How the world changes.  Just a few years ago the only password that mattered to me was the one for my ATM card.  Now, in medicine, have so many new regulations concerning privacy that everything we do seems to require a new password or pass-code.  And even though I can’t speak from experience, I’m sure medicine isn’t alone.  Because America loves rules and policies, and apparently America loves passwords.

I’ll give you an example.  When I go to work in the emergency room, where we have a new computer system, I enter a four digit ID number, and also a four-digit pass-code.  Then, for the rest of the shift, anytime I want to use the computer to order tests or look up lab results, I have to re-enter those eight digits.  But there’s more.  Anytime I want to view a patient’s nurse’s notes or print that chart, I have to ‘log-on’ again with four of those digits.  So I’m ‘logging-on’ twice to view the information I once accessed by picking up that antiquated device, the clip-board.  Apparently every time the information is viewed, the event is recorded so that some unfortunate functionary can verify that it was ‘legitimate’.

Fair enough.  I understand the need for privacy.  No one wants the public to have access to the lab results detailing their sexually transmitted disease, that their drug screen showed cocaine, or that they’re suicidal because their spouse left them for a clown from Ringling Brothers.  I respect that.  But it doesn’t stop there.

When I want to see old charts from previous visits, I have to use another computer.  But its password uses a different format.  Not only so, it has to be periodically changed.  Fine, I simply move between two different sets of passwords and one user ID.  But then, when I want to look at X-rays, there’s a different computer, with a differently formatted password system.  And it also requires a username and pass-code.  It also needs to be updated periodically.  Once, as I tried to update it, I entered the format incorrectly a few times and was locked out of the system.  I had to use someone else’s code to see the x-rays I ordered, and on which I would base my care and treatment of patients!  All for the sake of privacy.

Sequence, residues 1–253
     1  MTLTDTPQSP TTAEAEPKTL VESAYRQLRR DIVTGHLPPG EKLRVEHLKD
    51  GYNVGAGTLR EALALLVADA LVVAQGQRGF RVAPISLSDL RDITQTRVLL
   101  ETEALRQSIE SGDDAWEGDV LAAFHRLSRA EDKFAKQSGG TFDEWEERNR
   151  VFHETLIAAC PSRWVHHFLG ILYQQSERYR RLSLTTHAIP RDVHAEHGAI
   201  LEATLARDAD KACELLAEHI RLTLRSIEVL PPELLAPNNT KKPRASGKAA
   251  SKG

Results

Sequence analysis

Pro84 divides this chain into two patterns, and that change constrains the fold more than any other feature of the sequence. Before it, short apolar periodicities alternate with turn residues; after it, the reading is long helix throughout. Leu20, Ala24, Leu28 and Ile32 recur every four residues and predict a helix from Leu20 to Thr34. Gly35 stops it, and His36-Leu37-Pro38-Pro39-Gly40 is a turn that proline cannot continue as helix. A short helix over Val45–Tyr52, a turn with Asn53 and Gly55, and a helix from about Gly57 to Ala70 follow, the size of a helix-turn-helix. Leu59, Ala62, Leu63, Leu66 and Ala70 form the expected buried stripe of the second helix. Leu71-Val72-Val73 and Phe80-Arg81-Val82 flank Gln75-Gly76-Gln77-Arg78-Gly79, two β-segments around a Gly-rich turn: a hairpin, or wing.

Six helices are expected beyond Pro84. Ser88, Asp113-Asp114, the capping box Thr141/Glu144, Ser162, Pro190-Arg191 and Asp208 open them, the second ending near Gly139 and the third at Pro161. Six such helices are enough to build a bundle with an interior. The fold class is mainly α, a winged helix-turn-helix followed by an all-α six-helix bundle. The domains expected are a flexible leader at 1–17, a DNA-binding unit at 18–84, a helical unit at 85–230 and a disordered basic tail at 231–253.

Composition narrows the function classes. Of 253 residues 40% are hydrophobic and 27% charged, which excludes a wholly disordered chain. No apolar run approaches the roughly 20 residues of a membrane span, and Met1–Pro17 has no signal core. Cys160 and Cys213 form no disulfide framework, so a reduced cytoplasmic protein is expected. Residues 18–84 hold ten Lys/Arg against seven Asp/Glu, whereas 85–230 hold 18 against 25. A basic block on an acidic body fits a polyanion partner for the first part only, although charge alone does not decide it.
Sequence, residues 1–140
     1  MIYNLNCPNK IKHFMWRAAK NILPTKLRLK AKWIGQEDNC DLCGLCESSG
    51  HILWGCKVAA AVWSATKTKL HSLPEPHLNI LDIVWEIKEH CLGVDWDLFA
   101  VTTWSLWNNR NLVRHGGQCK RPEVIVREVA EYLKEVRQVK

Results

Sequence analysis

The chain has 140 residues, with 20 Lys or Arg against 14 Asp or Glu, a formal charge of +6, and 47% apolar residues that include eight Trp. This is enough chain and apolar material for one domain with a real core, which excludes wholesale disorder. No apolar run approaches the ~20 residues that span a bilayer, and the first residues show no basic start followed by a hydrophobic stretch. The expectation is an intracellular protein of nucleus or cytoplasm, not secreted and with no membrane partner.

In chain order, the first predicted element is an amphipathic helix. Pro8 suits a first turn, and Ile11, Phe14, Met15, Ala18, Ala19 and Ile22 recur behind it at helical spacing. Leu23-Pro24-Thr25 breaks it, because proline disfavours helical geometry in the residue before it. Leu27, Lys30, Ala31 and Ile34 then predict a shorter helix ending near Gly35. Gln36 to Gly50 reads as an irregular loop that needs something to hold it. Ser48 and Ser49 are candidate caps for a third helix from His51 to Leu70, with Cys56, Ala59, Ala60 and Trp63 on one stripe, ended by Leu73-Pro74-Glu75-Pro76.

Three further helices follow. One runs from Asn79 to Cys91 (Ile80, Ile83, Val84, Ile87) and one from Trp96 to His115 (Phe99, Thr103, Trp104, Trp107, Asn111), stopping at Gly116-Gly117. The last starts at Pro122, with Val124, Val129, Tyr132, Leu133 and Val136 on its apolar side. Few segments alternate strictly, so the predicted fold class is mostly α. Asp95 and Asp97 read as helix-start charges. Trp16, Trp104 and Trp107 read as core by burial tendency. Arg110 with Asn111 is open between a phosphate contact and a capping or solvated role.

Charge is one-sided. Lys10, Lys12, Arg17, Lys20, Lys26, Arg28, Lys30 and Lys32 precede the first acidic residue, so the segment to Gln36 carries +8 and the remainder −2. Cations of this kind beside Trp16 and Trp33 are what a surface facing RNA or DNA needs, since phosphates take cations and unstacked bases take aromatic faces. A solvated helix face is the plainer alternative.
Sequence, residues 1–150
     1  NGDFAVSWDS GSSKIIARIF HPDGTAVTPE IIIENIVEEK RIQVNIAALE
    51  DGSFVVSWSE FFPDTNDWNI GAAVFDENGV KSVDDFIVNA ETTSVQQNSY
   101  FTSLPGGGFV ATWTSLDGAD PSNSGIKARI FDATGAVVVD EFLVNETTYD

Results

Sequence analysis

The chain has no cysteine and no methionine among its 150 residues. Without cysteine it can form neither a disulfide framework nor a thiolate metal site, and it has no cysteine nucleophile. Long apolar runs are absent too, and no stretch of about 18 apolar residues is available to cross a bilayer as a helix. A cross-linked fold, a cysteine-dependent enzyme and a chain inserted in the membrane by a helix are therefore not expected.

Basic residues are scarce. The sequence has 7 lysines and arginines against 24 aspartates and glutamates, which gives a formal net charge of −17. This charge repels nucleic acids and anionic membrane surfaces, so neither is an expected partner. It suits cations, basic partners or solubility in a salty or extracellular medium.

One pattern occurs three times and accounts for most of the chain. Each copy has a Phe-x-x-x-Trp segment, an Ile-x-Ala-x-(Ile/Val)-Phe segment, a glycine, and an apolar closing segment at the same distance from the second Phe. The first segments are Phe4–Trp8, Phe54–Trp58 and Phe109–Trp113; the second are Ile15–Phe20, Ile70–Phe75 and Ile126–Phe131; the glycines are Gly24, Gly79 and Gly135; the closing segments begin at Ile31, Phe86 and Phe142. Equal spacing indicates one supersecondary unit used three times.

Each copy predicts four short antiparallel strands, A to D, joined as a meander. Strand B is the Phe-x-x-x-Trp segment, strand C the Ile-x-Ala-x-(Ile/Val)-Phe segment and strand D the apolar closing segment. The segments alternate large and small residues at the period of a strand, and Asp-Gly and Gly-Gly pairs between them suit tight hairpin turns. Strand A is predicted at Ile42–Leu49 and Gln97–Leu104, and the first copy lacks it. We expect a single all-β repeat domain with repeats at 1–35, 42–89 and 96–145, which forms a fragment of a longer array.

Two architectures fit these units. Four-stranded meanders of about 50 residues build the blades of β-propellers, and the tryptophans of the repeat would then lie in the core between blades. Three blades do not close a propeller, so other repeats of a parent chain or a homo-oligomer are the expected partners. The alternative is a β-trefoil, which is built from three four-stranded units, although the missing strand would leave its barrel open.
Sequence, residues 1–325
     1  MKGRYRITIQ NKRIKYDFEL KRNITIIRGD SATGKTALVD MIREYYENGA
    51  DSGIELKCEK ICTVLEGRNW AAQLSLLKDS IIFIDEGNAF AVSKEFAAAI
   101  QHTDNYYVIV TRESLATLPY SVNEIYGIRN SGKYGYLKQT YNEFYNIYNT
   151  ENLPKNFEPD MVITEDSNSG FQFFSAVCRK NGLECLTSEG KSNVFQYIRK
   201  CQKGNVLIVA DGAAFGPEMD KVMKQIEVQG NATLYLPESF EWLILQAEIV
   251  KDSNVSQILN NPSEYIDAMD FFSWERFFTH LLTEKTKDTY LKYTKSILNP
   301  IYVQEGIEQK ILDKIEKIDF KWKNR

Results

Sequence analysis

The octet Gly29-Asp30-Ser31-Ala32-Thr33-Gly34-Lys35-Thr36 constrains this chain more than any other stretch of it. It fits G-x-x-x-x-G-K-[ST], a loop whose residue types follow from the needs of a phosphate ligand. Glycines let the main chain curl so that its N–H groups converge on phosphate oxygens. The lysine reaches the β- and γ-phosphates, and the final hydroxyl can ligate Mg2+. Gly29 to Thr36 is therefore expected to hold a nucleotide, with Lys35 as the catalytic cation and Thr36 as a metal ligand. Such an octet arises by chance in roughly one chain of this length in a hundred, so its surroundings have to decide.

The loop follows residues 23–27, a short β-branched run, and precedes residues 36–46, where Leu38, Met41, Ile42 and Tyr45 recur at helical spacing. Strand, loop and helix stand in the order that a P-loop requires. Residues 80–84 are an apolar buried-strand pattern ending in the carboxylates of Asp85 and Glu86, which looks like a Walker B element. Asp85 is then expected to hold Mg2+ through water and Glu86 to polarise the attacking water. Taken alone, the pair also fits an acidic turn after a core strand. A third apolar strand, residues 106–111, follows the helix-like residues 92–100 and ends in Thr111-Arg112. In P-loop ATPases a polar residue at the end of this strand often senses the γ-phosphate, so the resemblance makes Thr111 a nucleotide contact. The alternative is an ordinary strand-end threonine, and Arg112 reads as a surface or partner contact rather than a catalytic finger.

So, the tally is two user ID’s, with a total of 11 characters and three pass-codes with a total of 18 characters. I also have a pass-code for my long-distance calling card and a pass-code for my cell-phone voice mail and home voice mail, in addition to the passwords and screen names for e-mail access.  At the minimum, I’m keeping track of some 95 numbers and letters to function in my daily activities. I feel like I’m working on the Manhattan Project!

I think we’ve gone overboard in regards to privacy.  Everyone from the Federal government to the JCAHO (Joint Commission for the Accreditation of Hospital Organizations), all the way down to local risk managers and attorneys are clamoring for privacy protection for everyone.

You’ll notice that at your doctor’s office, you have to sign the privacy policy every year.  Even my child’s endocrinologist, who manages his diabetes, has a sign in the office that says (in effect), “We can no longer call instructions to your voice mail or answering machine.”  Like someone at home is going to be surprised about the diabetes?

Much of our privacy obsession is probably obsession with our own importance.  Furthermore, if someone is in our ER rifling through records, we’ll see them. We never leave.  More to the point, I doubt if any lay-person will walk past the x-ray view-screen, look up and down, then call their spouse and say, “Loreen, you’ll never guess what I saw!  Turns out your high school sweetheart Tommy has a three broken ribs, a somewhat enlarged heart and interstitial changes consistent with asbestosis!  Let’s call everybody and tell ‘em!”

We live in a computer-based era, and much of our information is contained on screens and in files.  We use our cell-phones constantly.  We send information over the Internet.  There are genuine concerns about the security of information.

But at a certain point, at least in medicine, the constant tap of keys on keyboards, the constant updates of numbers and letters is sure to distract us from our main function; the care of patients. And in the end, all of that secured information isn’t that interesting anyway.  Trust me; I’ve seen it.

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